Research Article: Three-Dimensional Normal Human Neural Progenitor Tissue-Like Assemblies: A Model of Persistent Varicella-Zoster Virus Infection

Date Published: August 1, 2013

Publisher: Public Library of Science

Author(s): Thomas J. Goodwin, Maureen McCarthy, Nikolaus Osterrieder, Randall J. Cohrs, Benedikt B. Kaufer, Roger D. Everett.


Varicella-zoster virus (VZV) is a neurotropic human alphaherpesvirus that causes varicella upon primary infection, establishes latency in multiple ganglionic neurons, and can reactivate to cause zoster. Live attenuated VZV vaccines are available; however, they can also establish latent infections and reactivate. Studies of VZV latency have been limited to the analyses of human ganglia removed at autopsy, as the virus is strictly a human pathogen. Recently, terminally differentiated human neurons have received much attention as a means to study the interaction between VZV and human neurons; however, the short life-span of these cells in culture has limited their application. Herein, we describe the construction of a model of normal human neural progenitor cells (NHNP) in tissue-like assemblies (TLAs), which can be successfully maintained for at least 180 days in three-dimensional (3D) culture, and exhibit an expression profile similar to that of human trigeminal ganglia. Infection of NHNP TLAs with cell-free VZV resulted in a persistent infection that was maintained for three months, during which the virus genome remained stable. Immediate-early, early and late VZV genes were transcribed, and low-levels of infectious VZV were recurrently detected in the culture supernatant. Our data suggest that NHNP TLAs are an effective system to investigate long-term interactions of VZV with complex assemblies of human neuronal cells.

Partial Text

Varicella-zoster virus (VZV) is a ubiquitous human herpesvirus, as evidenced by a seroprevalence of more than 95% worldwide [1]. Among human herpesviruses, VZV has the smallest genome of approximately 125 kbp, which contains at least 70 open reading frames (ORFs) and consists of two unique regions, unique long (UL) and unique short (US), each flanked by inverted repeat regions (TRL, IRL, TRS, IRS) [2], [3]. Primary VZV infection typically causes childhood varicella (chickenpox). During primary infection the virus gains access to and establishes latency in multiple cranial, dorsal root and autonomic ganglia. Varicella vaccination programs have successfully reduced the incidence of clinical disease in children in the USA by about 80% [4], [5]; however, the attenuated vaccine, like wild-type VZV, is still able to establish latency in the peripheral nervous system [6]. Both wild-type and vaccine virus can reactivate from latency, particularly in elderly and immunocompromised individuals. Reactivation is associated with a declining VZV specific T-cell immunity and can result in herpes zoster (shingles) especially in the elderly, which is characterized by severe pain and often followed by postherpetic neuralgia [7], [8]. Reactivation can also lead to progressive outer retinal necrosis and stroke by ischemic vasculopathy [9], [10]. With respect to disease severity, duration and quality-of-life impairment, VZV reactivation in adulthood can be more serious than primary childhood infection.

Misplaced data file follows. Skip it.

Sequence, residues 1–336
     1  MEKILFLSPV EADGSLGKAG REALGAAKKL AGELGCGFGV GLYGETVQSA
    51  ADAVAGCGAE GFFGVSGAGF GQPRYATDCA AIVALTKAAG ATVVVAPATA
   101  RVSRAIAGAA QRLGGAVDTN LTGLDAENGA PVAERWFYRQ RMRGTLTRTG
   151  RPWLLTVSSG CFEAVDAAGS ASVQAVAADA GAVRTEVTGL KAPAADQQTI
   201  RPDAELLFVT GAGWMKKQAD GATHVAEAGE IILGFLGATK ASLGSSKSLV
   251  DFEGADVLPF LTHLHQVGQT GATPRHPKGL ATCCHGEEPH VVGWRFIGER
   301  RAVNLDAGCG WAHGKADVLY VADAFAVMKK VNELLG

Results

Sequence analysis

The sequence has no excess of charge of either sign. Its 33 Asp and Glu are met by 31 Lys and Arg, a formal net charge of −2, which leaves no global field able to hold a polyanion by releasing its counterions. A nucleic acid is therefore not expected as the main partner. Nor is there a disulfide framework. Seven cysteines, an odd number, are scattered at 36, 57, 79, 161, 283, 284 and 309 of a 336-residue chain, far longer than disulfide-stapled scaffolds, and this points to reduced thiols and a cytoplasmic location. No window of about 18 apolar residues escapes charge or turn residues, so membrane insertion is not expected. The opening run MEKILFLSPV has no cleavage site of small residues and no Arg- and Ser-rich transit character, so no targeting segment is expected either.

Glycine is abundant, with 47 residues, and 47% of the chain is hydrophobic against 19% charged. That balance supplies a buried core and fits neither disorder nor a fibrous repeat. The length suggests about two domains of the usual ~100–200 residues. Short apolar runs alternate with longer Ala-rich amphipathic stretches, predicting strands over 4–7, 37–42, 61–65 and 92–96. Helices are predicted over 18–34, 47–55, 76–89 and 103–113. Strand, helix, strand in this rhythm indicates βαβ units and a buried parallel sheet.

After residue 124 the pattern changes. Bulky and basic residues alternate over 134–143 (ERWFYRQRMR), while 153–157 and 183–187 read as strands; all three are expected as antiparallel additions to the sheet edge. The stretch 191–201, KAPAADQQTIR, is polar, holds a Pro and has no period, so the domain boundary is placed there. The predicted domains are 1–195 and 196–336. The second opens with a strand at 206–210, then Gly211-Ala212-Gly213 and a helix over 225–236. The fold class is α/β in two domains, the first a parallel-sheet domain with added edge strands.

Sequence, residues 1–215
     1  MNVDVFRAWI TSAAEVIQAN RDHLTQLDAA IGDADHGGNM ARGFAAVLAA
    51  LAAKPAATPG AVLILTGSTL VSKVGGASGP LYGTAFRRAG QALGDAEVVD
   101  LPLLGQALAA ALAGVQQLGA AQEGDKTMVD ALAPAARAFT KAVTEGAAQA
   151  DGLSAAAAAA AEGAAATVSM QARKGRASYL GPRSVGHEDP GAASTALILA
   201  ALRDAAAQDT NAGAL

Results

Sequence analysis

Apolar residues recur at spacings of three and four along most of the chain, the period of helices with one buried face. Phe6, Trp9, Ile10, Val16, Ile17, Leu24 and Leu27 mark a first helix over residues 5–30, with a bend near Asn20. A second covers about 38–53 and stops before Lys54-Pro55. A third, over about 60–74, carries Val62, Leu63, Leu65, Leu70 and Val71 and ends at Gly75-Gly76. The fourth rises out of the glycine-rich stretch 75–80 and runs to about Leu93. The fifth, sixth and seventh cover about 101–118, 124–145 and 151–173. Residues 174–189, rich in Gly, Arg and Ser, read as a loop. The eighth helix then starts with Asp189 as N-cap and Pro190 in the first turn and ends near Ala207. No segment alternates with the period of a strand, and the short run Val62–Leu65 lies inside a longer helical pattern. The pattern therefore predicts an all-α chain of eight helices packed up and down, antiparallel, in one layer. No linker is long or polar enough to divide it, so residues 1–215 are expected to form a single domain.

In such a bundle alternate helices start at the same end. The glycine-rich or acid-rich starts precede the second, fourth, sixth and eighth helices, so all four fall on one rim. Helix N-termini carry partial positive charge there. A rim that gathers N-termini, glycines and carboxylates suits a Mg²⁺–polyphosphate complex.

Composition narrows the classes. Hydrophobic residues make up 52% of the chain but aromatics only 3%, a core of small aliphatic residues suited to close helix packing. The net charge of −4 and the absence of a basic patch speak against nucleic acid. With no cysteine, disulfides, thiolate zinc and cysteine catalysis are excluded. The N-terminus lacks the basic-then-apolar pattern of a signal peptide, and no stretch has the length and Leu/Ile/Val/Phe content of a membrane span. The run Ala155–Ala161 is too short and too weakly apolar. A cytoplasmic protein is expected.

Establishment of latent infection and subsequent reactivation is integral to the alphaherpesvirus life cycle and ensures that virus is maintained in the population by intermittent virus production and transmission [22]. However, VZV appears to be unique among alphaherpesviruses with respect to establishment of and reactivation from the persistent/latent state [23]–[26], emphasizing the need for accurate nomenclature. VZV-host interactions are classified as acute, “rapid production of infectious virions followed by rapid resolution and elimination of infection”, or persistent, “virus particles or products continue to be produced for long periods in which virions are continuously or intermittently produced” [27]. In most human cells in culture, VZV infection is acute and cells succumb to virus infection within 3–5 days most likely through apoptosis [28]–[31]. The low ratio (1∶40,000) of infectious to defective VZV particles indicates that production of complete virions is extremely inefficient [32]. Human neurons are known to be latently infected by VZV, but the lack of a suitable animal model has hindered investigations into this exceptional relationship between VZV and a host cell or organ. Our common understanding is that VZV infection of neurons results in latency. Latency is an extreme variant of persistent infection where, as exemplified by herpes simplex virus type 1 (HSV-1), “infectious virions can no longer be isolated” [27]. During latency, most HSV-1 genes are silenced through epigenetic modification of resident histones or by virus-specific miRNAs [33]–[35]. Therefore, HSV-1 gene transcription in infected neurons is restricted to the latency-associated transcript (LAT) at the cellular level, while no viral proteins and infectious virions are produced [36]–[38].




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